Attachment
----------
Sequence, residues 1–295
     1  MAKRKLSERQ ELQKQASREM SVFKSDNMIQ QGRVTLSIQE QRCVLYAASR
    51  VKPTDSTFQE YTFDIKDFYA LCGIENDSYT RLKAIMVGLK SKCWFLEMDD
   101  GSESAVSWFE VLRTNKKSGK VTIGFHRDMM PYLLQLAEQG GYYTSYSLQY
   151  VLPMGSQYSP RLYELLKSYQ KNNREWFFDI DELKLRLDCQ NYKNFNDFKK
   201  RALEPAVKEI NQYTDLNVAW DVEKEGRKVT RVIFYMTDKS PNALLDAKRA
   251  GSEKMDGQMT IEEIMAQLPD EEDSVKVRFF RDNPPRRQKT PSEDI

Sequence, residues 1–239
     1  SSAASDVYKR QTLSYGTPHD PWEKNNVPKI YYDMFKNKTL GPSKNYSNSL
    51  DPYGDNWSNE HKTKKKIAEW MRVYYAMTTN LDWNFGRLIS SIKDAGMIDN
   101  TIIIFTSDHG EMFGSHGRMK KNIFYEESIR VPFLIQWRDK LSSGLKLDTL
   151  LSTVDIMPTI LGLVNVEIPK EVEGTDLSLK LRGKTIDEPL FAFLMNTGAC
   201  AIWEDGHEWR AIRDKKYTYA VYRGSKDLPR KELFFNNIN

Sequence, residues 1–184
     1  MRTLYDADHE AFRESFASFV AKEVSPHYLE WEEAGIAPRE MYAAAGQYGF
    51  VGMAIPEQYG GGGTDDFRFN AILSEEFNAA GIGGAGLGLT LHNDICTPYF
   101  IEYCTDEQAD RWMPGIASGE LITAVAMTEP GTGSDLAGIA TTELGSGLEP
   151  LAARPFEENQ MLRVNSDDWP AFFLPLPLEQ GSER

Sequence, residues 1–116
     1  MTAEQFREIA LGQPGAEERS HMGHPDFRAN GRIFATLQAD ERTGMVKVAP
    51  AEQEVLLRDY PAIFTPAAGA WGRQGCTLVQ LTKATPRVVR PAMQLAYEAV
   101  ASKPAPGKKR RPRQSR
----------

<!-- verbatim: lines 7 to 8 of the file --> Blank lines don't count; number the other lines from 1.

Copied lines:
   251  GSEKMDGQMT IEEIMAQLPD EEDSVKVRFF RDNPPRRQKT PSEDI

Sequence, residues 1–239